Random level generators are great fun to make; there’s nothing quite like coding an algorithm that creates endless variations of maps and dungeons.

A typical random map generator might place rooms randomly around the place and connect them with corridors. Then the map might be filled randomly with inhabitants - monsters, treasure, NPCs and so on. This is simple and effective, giving players unpredictable yet interesting encounters in games. It’s an evergreen approach starting from rogue (1980) all the way up to the latest indie dungeon crawlers.

Rooms and Mazes

This can seem backwards though. One problem is that the layout often seems artificial; there’s not much reason or purpose for the rooms and the connecting corridors. Real locales would be filled with inhabitants, with paths connecting important destinations together. The paths are like arteries; they are inextricably linked to the design of the whole place.

So I thought a fun experiment would be to make a random level generator that builds such a map via simulation: fill it with virtual inhabitants, who need to go from A to B, find out what paths they need via pathfinding, and create the paths based on travel patterns. Let’s see how this goes!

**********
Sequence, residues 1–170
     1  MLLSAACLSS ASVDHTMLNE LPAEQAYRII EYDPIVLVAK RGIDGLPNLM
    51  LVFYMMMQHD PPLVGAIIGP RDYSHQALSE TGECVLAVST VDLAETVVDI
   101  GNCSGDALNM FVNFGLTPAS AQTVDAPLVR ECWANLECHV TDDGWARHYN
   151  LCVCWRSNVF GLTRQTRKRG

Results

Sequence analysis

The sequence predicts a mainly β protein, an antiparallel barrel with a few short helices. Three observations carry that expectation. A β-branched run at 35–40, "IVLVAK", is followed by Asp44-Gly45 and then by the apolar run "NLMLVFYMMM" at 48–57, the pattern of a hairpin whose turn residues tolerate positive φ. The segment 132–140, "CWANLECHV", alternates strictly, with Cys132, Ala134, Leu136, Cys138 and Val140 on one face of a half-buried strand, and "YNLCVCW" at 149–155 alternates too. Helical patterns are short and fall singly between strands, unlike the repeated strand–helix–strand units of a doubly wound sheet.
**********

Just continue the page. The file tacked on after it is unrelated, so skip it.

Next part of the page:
First, I start with a simple “village” generator - just a bunch of buildings scattered randomly around the place.


Before we place paths to connect these buildings, we need to think about how these buildings will be used. Some - shops, inns - will be more important than others - private residences. Let’s express that by making some buildings important, giving them a different appearance, and populating them with more NPCs.

village with NPCs

Now to connect the buildings, by taking random pairs of them, then using pathfinding to draw a path between each pair, with two conditions:

  • the more important the building, the more we use it as a path destination;
  • make sure all buildings have at least one path

village with paths

This seems ok but now the village is overrun with paths. Some are obviously more well travelled than others. What if we showed that by using different tile types? From tree (no wear), grass (light wear), dirt road (moderate wear), stone road (heavy wear):

village with varied paths

Now it’s starting to look nice! But there are still a few problems: there’s a lot of grass, representing lightly travelled paths, and odd patches of stone/dirt roads, right next to each other.

It turns out we could make one more improvement: when there’s an existing path, it would make more sense to reuse it, even if it’s slightly out of the way, rather than cutting through untravelled roads. This makes sense and it’s what real travellers do. So let’s modify our pathfinder, so that it favours well-travelled tiles, and see what we get:

village with shared paths

Nice! Now we see some clear heavily-travelled avenues. By observing the paths, we can also make sense of where the important locations are. Cool huh?

You can find this map generator here: https://github.com/cxong/gomapgen under the village option. It’s also where I make lots of different map generators for fun.

Hope you enjoy!

village animation